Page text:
We’re safely back from the sunny climes of Orlando, Florida, where the International Sleep Products Association rolled out the red carpet of hospitality, suffering through the blogger-in-chief’s remarks without anyone nodding off. A first.
We were preceded by Dr. James F. Smith, an economist and professor at University of North Carolina’s Flagler School of Business. He was great and insightful, rattling off some pretty bullish facts about the economy, nothing that the economy doesn’t get much better than it is at this moment. His handout was entitled, “The Near-Term Global Outlook is Terrific,” noting, “as usual, the media misreport economic conditions.” On the topic of “offshoring” (he noted that “outsourcing” really describes the typical contracting out of, e.g., HR and administrative functions), he said that the Bureau of Labor Statistics found that in 2004, approximately 42,000 jobs — out of about 150,000,000 — were “offshored.” According to the Organization for International Investment (OFII), over 5 million people in the US are directly employed by companies headquartered outside the US. Overall, a very bullish assessment of the economy by Dr. Smith. He really hammered away on productivity, where we lead the world. It is a measurement often overlooked by the media, but is critically important to our competitiveness and our wealth creation and standard of living.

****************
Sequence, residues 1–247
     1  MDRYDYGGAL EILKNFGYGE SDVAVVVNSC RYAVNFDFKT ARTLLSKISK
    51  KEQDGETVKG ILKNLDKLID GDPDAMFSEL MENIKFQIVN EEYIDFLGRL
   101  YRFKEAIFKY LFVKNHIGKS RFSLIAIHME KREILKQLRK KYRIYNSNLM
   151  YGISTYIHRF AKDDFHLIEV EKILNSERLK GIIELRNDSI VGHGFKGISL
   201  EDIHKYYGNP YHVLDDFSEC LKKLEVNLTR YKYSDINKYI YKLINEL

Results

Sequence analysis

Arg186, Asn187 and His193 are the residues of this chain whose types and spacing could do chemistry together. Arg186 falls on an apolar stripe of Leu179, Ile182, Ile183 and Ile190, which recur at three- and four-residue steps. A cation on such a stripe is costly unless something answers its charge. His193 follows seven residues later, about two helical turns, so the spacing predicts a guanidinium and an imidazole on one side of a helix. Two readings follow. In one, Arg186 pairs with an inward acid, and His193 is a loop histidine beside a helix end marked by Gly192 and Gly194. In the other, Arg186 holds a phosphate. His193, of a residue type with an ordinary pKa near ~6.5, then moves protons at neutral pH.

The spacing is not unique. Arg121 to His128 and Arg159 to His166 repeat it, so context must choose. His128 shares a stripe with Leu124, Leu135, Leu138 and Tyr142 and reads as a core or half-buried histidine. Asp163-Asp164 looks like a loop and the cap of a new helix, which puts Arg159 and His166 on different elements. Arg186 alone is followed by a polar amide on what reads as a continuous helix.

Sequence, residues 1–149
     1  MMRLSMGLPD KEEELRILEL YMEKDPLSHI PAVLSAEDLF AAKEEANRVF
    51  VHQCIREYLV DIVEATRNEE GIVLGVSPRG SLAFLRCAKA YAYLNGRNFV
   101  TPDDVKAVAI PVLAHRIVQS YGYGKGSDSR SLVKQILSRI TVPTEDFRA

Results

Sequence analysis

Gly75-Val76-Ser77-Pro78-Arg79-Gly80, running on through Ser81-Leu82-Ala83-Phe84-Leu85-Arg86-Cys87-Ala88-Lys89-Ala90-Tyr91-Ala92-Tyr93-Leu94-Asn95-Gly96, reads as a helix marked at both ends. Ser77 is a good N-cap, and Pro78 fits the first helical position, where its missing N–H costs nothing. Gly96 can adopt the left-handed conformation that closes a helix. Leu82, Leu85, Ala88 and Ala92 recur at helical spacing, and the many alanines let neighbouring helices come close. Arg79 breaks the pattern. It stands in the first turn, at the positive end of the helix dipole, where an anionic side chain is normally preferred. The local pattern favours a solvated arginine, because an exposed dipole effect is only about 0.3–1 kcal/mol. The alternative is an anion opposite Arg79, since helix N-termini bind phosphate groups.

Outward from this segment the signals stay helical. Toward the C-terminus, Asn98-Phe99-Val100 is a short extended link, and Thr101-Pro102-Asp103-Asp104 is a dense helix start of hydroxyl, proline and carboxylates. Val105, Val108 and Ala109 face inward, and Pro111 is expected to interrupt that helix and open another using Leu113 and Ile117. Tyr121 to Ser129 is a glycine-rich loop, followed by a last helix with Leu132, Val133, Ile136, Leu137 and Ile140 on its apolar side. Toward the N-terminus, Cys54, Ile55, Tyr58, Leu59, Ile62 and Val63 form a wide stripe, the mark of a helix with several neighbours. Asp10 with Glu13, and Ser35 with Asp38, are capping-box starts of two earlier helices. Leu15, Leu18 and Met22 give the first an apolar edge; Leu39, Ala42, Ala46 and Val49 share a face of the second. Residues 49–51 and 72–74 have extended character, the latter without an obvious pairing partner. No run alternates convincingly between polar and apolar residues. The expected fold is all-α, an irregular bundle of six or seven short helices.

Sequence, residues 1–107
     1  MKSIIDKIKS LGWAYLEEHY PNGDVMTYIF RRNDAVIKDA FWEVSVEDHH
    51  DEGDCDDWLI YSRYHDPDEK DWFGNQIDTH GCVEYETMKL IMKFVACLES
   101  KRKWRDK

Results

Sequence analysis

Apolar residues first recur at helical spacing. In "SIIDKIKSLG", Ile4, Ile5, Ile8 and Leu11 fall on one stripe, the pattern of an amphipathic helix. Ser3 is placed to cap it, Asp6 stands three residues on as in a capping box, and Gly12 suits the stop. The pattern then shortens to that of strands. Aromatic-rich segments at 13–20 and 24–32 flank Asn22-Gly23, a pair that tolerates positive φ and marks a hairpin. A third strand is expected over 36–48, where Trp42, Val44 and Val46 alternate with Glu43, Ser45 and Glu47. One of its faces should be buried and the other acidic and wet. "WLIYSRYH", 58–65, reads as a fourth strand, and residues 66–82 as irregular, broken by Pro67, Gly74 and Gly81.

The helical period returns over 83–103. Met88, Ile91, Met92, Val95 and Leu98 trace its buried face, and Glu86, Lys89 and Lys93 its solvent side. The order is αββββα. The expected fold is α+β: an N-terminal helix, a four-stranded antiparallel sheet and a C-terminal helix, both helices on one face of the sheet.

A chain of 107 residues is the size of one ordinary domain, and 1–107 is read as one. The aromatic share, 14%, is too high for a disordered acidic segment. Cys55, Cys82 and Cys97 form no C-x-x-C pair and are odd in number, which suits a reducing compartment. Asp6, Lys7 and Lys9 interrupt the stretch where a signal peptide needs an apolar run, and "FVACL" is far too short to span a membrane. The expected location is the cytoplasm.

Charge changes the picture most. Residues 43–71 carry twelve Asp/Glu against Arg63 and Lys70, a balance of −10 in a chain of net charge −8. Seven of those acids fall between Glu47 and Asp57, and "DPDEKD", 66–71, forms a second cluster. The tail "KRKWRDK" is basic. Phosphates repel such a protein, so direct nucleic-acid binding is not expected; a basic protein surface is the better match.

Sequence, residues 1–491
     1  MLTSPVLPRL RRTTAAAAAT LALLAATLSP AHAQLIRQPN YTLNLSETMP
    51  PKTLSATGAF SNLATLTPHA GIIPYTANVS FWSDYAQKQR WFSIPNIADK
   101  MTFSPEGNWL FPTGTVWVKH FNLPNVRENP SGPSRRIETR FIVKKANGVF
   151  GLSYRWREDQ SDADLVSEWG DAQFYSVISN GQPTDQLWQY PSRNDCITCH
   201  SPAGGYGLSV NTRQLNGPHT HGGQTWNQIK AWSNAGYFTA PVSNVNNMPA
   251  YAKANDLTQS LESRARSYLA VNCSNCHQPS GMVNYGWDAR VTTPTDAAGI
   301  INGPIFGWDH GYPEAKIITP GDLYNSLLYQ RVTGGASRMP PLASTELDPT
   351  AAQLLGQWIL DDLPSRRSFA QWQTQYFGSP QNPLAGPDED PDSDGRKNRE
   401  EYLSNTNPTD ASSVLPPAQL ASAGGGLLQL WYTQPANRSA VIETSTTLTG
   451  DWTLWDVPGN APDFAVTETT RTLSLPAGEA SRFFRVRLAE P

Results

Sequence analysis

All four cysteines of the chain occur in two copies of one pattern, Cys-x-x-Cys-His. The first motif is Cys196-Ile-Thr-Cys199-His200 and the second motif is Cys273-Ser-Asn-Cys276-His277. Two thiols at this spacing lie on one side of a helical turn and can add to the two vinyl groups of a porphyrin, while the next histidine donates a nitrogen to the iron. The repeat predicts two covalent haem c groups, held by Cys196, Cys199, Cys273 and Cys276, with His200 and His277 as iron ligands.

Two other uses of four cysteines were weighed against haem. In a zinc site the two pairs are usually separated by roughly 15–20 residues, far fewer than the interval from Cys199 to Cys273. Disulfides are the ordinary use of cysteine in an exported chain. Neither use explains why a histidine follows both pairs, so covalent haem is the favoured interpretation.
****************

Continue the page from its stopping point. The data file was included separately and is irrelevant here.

We followed with our spiel and these slides, laying out the picture for manufacturing — who we are, our challenges and the road ahead.
In any event, as a big end user of the product, it was great to be among the sleep products manufacturers. Dick Doyle runs a first-rate organization and is blessed with some great leadership like past chair David Orders of Park Place Corp. and current chair Kerry Tramel of Lady Americana. We did a panel on trade issues in the afternoon with Dick and Richard Diamonstein of Comfort Solutions. There were some tales in that room of some pretty flagrant intellectual property and trademark violations by China, and a sense that there’s a need for some stepped-up enforcement by the US in this important area. We told them about the NAM counterfeiting toolkit, and steered them in that direction.
So thanks again to the folks who make all the stuff we use every day, to rest our weary bodies at day’s end, for some hospitality and some interesting give and take. And no, there’s no truth to the canard that your mattress doubles its weight every ten years, but a Wall Street Journal got the ball rolling on that one, and it’s been hard to stop.
In any event, when you hit your mattress tonight, don’t forget to thank America’s manufacturers.
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